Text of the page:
Thursday, June 05, 2008

Sex and Le City: Enjoying an American Phenomenon in the World’s Sexiest Town

There are those of us who made it a night out: a gaggle of girls, a few cosmopolitans, a giggly stumble down the cobblestone laneways that challenge even the most skillful wearers of heels in a scramble not to miss show time. There are those of us who used it as a pick-me-up the morning after: an antidote to too much drink, too much dance and too much time dedicated to chatting up the wrong guy.

And then there are those of us who spent the first week trotting by the billboards, eyes cast downward, as if making visual contact with a Photo Shop-ed starlet would somehow confirm our suspicion: the reviewers were right, our cherished series is yet another statistic in the line-up of A-class television shows that, when transformed onto the big screen, became Z-class flops. It seems like such a waste of celluloid (and anti-cellulite digital editing).

In honor of ‘Sex and the City’s’ movie debut, the French television channels have been airing re-runs of the series, and those of us who feared (and experienced) disappointment at the cinema have comforted ourselves in front of the tube. Dubbed over to address the national audience, the show is less punchy en français, but the translations suffer less in ‘Sex…’ than in the average New York police drama.

For a North American girl living in France, watching ‘Sex and the City’ amongst the French can make one feel very, very out of place. Humor, for one, doesn’t always translate across national borders, and what’s funny to one girl may be banal – or worse, gauche – to another. Furtive glances abound in a roomful of girls congregated around the TV set, their expressions silently inquiring: do you women really talk to each other like that? French girls, generally a much more discreet lot, use only the most obscure terminology when revealing anything intimate – and only then accompanied by a polite blush. Unlike their North American counterparts (many of whom were viewers to gain insight on the opposite sex), Frenchmen largely regard the show as women’s business, and it’s quite possible that the odd français who indulges his curiosity in this modern feminine phenomenon either spends the entire time criticizing the wardrobe choices of the male characters (‘a pin-striped suit and a close shave…mais, non !’), or wrinkling their noses whenever the female dialogue becomes crass.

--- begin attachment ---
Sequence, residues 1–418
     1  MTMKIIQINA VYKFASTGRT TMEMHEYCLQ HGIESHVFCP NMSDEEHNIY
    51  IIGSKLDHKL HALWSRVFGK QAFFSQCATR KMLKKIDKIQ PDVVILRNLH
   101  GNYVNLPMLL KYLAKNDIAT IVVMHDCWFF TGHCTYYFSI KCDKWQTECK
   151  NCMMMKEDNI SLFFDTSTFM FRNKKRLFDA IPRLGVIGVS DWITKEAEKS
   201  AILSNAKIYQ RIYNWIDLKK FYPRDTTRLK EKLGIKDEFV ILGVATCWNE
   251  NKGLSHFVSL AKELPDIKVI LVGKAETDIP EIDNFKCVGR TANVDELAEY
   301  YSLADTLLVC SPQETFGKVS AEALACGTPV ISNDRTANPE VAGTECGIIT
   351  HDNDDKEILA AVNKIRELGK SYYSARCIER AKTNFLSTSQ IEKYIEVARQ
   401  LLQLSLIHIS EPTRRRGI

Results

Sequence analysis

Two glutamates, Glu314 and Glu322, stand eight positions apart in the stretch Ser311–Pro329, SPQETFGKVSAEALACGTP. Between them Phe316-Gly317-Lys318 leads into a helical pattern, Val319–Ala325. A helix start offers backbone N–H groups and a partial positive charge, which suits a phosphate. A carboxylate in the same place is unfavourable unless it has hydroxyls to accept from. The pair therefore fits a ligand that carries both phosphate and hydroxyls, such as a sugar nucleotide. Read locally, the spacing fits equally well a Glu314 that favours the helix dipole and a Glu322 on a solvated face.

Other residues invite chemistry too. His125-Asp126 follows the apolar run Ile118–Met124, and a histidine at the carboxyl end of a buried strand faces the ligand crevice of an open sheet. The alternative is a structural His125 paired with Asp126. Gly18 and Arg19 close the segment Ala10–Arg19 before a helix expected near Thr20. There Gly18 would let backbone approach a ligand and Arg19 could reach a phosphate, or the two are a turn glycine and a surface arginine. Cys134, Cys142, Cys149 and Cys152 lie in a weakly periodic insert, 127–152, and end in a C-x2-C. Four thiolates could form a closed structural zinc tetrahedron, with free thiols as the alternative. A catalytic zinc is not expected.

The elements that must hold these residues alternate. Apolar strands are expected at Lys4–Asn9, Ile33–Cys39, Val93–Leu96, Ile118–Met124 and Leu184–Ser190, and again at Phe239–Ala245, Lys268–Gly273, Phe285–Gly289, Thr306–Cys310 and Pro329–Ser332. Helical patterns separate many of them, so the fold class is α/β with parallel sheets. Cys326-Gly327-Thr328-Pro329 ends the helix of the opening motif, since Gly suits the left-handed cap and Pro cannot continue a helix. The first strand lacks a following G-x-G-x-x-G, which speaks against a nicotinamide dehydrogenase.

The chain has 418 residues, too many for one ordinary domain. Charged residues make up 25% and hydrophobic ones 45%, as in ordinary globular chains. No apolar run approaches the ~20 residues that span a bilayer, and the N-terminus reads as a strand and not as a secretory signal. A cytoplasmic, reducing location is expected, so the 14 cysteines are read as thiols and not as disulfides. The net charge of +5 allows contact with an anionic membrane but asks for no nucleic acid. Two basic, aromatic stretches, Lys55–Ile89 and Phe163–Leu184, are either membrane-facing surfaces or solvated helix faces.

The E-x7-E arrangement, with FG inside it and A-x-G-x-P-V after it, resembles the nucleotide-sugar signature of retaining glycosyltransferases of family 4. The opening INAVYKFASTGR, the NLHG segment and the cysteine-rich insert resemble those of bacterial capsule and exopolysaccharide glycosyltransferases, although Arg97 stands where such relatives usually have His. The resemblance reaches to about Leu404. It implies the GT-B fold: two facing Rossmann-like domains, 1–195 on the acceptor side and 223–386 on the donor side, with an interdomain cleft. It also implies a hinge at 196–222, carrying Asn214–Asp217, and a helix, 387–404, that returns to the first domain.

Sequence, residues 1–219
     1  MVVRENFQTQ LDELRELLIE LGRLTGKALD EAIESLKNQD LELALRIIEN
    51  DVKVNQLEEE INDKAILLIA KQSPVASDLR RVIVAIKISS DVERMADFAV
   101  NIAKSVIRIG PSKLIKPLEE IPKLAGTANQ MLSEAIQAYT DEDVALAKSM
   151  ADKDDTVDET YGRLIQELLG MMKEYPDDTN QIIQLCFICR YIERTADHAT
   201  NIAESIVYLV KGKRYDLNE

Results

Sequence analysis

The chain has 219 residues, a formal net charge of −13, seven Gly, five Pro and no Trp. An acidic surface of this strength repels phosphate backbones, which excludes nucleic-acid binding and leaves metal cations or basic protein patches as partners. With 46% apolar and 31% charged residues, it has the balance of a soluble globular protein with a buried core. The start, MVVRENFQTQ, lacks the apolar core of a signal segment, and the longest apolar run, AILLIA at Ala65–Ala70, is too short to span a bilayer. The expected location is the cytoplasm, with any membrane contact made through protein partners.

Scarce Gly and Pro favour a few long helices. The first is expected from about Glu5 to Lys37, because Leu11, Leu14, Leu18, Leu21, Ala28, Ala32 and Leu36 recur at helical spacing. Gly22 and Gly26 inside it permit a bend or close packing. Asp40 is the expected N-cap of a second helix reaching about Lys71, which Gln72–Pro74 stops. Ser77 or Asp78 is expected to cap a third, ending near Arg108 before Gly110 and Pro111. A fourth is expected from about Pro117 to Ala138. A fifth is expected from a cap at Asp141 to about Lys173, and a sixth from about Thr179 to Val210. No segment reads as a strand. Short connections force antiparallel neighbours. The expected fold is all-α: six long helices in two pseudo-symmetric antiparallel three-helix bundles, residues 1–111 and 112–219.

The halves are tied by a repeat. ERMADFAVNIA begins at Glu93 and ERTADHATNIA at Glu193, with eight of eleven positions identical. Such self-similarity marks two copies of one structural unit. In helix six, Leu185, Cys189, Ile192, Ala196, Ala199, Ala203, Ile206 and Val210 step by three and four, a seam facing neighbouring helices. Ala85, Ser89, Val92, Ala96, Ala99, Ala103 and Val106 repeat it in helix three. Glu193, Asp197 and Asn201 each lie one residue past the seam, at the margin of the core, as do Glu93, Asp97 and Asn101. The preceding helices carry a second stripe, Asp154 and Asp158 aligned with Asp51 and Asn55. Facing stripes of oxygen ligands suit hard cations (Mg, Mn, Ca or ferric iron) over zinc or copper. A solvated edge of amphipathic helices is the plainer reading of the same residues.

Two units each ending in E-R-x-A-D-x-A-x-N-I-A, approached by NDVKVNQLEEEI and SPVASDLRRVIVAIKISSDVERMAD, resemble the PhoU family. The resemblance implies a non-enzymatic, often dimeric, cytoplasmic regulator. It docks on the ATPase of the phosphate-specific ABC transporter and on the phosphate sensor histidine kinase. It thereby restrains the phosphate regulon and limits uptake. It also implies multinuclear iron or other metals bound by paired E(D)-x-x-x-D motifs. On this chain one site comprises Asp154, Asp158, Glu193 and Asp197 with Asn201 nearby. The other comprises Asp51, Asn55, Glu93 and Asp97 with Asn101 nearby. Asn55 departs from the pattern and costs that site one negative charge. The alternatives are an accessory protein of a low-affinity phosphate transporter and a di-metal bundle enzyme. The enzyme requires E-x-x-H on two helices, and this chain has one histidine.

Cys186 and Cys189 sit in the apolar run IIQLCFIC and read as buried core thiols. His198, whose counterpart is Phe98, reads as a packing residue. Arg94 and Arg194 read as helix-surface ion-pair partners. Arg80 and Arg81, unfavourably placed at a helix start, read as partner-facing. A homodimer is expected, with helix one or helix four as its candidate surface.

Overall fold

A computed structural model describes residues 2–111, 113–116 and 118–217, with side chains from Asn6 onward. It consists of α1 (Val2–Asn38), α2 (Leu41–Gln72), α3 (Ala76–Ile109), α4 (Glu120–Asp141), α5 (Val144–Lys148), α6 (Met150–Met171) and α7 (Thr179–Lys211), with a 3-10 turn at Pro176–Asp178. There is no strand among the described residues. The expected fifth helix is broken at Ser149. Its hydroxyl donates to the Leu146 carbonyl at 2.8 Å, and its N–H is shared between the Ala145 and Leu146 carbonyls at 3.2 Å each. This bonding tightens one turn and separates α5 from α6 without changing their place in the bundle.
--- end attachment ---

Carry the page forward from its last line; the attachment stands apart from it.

A few years ago, when ‘Sex’-mania took hold in Paris, the bars and nightclubs responded by hosting ladies’ nights – complete with exotic male performers and pole dancing classes – to capitalize on the fad. It was a miniature revolution: in Paris, girls’ night out is mainly reserved for Anglophone expats. “C’est pas bien,” complained one Parisian man to his buddy, when their girlfriends announced their intentions to paint the town red together. “They’re going to gossip about us, and talk about private matters, and it will be just like ‘Sex and the City.’”

He needn’t have worried, because ladies’ night at the strip bars in Paris are much more sage than the ones North American girls are accustomed to back home. There is little shrieking, and no one charges the dancers, a wad of bills in her teeth at the ready. “What is this?” a transplanted New Yorker demanded as she surveyed the room at Chez Régine, which was hosting a two-hour performance of male strippers for women only before opening its doors to its masculine clientele. She gestured to the tables of women sipping their cocktails and chatting quietly amongst themselves. “At an event like this in New York, we’d all be friends by now!” Every so often, someone would throw an uneasy glance toward the door and check her watch, as if biding her time until she would be, once again, in mixed company.

It’s unclear as to how much success Sex and the City: Le Film will render in France. It’s safe to say, however, that for as many North American women who couldn’t believe that Carrie would give up the chance to live in Paris, there are just as many parisiennes who dream of living in New York. The chance to catch a few glimpses of the Big Apple in all of its cinematic glory may be just the ticket to getting French audiences to cough up the 10 euros for a seat…either as part of a girl’s night out or an evening entre amoureux.